1. What is laparoscopic surgery?
surgery consists of a group of operations that
allow for smaller incisions to treat damaged or diseased organs. Small tubes
called trochars are inserted through the incisions. Using long thin
instruments and a 5 millimeter camera many complex procedures can be
completed with less pain and a shorter hospital stay. The most
removal and bile duct exploration
and ventral hernia repair
resection for problems like diverticulitis or tumors
operations for GERD
2. Am I a
patients who are candidates for abdominal surgery are candidates for a
laparoscopic approach. One limiting factor includes the need to
avoid general anesthesia in a patient with significant medical problems
such as poorly controlled heart disease. Another problem occurs in
patients who have developed dense intra-abdominal scar tissue (called
adhesions) from multiple prior open abdominal procedures. There is
always a risk that an operation that is started laparoscopically would
have to be converted to a larger incision. When this decision is
made during an operation it is always for the benefit and safety of the
on the surgery, most patients only need to eat nothing after
midnight until their surgery is done.
Patients undergoing laparoscopic bowel surgery may be asked to undergo
a bowel cleansing regimen. If other health problems exist
then a consultaton with a specialist may be requested. This may
3. What do I need to get
laparoscopic surgery many operations that once required a prolonged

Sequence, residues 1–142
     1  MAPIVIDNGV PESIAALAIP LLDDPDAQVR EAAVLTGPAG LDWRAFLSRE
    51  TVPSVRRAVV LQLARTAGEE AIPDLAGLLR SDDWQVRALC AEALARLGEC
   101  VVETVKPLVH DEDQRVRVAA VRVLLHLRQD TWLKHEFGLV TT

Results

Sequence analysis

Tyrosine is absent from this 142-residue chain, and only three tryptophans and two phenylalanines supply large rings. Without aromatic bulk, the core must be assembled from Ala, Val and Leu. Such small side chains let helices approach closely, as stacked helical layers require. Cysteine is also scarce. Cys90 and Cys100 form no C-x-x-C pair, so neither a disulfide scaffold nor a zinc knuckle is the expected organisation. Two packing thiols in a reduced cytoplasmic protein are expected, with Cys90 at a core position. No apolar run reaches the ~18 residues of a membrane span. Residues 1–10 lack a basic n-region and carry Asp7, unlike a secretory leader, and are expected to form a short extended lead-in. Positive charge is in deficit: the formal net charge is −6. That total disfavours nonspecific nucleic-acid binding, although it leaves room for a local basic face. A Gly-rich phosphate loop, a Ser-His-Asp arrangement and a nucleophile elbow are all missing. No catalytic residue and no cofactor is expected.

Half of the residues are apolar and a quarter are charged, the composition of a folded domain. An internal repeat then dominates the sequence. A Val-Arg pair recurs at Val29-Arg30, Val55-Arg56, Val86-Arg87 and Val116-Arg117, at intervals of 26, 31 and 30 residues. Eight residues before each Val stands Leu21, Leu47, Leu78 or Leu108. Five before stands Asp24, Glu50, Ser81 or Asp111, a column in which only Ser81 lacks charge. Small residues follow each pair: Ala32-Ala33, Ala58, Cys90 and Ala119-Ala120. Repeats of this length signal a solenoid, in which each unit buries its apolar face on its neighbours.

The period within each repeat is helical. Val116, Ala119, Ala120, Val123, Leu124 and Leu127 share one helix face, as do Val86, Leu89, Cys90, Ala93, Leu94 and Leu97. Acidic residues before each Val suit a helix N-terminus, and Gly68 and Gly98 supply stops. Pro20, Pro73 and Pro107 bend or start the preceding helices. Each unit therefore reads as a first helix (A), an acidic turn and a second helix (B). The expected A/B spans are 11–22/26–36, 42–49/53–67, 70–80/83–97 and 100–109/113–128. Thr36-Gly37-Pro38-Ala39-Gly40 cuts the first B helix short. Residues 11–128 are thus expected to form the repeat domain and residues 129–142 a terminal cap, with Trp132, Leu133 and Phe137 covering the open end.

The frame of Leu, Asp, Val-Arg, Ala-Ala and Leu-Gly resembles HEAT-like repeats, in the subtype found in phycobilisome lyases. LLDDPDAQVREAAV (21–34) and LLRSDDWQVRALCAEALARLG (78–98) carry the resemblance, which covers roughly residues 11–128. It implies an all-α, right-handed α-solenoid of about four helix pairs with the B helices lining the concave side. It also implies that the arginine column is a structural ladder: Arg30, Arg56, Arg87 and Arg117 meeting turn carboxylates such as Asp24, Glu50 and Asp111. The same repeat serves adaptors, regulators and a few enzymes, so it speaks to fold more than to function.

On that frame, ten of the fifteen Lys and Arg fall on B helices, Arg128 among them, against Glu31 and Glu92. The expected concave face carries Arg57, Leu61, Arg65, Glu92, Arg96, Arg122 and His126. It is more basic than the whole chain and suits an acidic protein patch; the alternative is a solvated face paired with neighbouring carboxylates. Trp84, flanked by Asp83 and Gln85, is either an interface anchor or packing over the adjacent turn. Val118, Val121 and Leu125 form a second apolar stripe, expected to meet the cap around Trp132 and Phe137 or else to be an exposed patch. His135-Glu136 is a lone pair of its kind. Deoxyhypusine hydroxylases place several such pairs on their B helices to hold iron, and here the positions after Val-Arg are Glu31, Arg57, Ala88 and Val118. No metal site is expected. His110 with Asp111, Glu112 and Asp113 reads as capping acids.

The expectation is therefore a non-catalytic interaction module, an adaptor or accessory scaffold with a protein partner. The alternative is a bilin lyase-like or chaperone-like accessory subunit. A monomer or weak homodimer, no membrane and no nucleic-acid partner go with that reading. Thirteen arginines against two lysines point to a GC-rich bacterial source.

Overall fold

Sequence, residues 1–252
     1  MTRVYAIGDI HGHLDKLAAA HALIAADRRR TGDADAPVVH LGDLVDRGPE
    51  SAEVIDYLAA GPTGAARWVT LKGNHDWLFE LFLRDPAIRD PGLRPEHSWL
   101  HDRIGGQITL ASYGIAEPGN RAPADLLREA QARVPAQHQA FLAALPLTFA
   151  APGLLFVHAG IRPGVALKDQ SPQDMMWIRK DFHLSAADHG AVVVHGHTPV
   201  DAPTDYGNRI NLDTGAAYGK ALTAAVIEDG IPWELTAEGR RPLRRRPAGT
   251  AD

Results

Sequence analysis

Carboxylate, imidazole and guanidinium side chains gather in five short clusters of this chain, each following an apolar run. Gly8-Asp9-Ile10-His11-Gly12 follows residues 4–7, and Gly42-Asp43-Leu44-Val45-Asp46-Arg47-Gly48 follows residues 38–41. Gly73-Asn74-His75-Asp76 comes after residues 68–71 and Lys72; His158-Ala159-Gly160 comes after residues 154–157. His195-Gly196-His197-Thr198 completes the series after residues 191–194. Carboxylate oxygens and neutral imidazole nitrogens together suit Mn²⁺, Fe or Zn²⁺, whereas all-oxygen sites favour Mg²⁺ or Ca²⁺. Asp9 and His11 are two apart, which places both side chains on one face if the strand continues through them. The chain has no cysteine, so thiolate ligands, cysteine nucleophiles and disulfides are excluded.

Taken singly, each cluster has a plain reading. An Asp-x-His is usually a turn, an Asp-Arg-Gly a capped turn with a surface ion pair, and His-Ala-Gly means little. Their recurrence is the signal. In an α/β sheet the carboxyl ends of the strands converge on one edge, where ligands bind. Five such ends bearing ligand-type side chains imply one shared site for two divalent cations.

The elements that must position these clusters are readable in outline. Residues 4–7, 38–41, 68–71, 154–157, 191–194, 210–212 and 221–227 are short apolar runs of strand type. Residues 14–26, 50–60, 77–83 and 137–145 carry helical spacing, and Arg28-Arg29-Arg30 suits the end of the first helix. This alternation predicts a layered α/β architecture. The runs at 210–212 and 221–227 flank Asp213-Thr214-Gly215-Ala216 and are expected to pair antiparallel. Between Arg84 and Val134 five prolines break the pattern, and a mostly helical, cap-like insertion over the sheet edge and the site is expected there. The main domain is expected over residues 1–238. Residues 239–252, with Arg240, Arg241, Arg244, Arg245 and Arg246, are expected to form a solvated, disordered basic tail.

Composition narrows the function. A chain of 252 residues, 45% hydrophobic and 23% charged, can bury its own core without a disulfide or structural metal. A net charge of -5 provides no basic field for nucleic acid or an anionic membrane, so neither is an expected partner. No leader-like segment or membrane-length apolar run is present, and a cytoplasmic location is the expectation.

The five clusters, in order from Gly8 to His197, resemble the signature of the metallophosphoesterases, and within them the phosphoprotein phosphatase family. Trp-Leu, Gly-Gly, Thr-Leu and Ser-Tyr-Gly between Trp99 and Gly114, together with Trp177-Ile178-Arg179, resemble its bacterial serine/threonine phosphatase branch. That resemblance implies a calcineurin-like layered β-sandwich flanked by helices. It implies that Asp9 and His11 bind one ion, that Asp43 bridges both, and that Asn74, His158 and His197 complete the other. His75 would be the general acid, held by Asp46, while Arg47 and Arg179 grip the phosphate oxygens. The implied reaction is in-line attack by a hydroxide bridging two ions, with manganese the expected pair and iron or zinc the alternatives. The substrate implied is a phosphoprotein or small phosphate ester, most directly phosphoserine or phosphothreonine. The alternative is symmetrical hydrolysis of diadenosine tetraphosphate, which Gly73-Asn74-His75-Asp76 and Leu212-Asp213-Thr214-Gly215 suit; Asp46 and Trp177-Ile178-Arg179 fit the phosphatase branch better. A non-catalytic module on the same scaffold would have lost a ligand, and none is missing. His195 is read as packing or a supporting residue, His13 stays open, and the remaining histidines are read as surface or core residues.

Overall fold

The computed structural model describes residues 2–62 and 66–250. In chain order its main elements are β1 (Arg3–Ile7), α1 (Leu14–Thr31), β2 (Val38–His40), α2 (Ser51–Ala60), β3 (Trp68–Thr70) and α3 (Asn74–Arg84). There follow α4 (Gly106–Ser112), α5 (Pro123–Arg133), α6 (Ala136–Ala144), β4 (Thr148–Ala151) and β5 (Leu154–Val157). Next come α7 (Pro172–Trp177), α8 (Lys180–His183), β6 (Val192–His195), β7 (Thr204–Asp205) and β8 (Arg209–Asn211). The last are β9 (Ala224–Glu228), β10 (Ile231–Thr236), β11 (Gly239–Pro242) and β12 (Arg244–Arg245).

hospital stay are now performed as day surgery. This means that
recovery is rapid and done in the privacy and comfort of your own
How is the surgery done?
are a variety of different operations
done using laparoscopy.
main concept is the use of plastic tubes called trochars that are
passed through small incisions in the abdominal wall to access the
abdominal cavity. The usual starting point is just below or
above the belly button. Carbon Dioxide gas is then pumped into
the abdomen to lift up the abdominal wall and create a working
space. A telescope is then passed through the tube below the
belly button to allow direct visualization of the inner abdomen.
Various other tubes are then placed. These tubes are from 1/2
inch to 1/8th of an inch in diameter. Special long,
slender instruments are passed through the tubes to perform the
operation. Once the operation is complete, the gas is released,
the tubes are removed and the small incisions are closed. Usually, the
incisions have been numbed to further reduce pain. The cuts
usually have internal absorbable sutures and are covered with tissue
glue so that there is no suture removal or dressing care
can I expect after surgery?
again, laparoscopy has made recovery from surgery much quicker and less
painful. Most patients are released on the day of their
surgery. For procedures that require a hospital stay, the length
is usually from 1 to 3 days. Laparoscopic surgery usually reduces
hospital stays by 1 to 3 days, so a 2 day hospital stay after
laparoscopic surgery would have been a 4-5 day stay when a larger
incision is required. The main source of discomfort after surgery is the
incision around the belly button. This is usually well managed
with standard oral pain medications and tends to resolve significantly
after the first 48 to 72 hours.